Purpose: The influence of a core-strengthening program on low back pain (LBP) occurrence and hip strength differences were studied in NCAA Division I collegiate athletes.
Methods: In 1998, 1999, and 2000, hip strength was measured during preparticipation physical examinations and occurrence of LBP was monitored throughout the year. Following the 1999-2000 preparticipation physicals, all athletes began participation in a structured core-strengthening program, which emphasized abdominal, paraspinal, and hip extensor strengthening. Incidence of LBP and the relationship with hip muscle imbalance were compared between consecutive academic years.
Results: After incorporation of core strengthening, there was no statistically significant change in LBP occurrence. Side-to-side extensor strength between athletes participating in both the 1998-1999 and 1999-2000 physicals were no different. After core strengthening, the right hip extensor was, on average, stronger than that of the left hip extensor (P = 0.0001). More specific gender differences were noted after core strengthening. Using logistic regression, female athletes with weaker left hip abductors had a more significant probability of requiring treatment for LBP (P = 0.009)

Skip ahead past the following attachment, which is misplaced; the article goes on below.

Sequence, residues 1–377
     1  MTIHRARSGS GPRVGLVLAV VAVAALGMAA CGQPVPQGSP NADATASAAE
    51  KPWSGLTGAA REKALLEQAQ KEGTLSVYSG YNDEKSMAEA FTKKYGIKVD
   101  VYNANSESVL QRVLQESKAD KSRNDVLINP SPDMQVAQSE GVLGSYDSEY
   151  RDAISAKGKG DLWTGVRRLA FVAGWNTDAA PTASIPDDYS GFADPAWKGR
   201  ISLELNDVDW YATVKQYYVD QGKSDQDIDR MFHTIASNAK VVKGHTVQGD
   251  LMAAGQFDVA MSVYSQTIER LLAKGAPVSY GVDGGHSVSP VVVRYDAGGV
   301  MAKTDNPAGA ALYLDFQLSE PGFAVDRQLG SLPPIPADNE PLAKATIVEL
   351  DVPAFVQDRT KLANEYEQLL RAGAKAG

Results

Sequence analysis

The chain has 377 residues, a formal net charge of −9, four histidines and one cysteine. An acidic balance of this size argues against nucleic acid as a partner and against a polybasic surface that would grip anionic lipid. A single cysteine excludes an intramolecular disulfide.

Conclusion: The impact of core strengthening on collegiate athletes has not been previously examined. These results indicated no significant advantage of core strengthening in reducing LBP occurrence, though this may be more a reflection of the small numbers of subjects who actually required treatment. The core program, however, seems to have had a role in modifying hip extensor strength balance. The association between hip strength and future LBP occurrence, observed only in females, may indicate the need for more gender-specific core programs. The need for a larger scale study to examine the impact of core strengthening in collegiate athletes is demonstrated.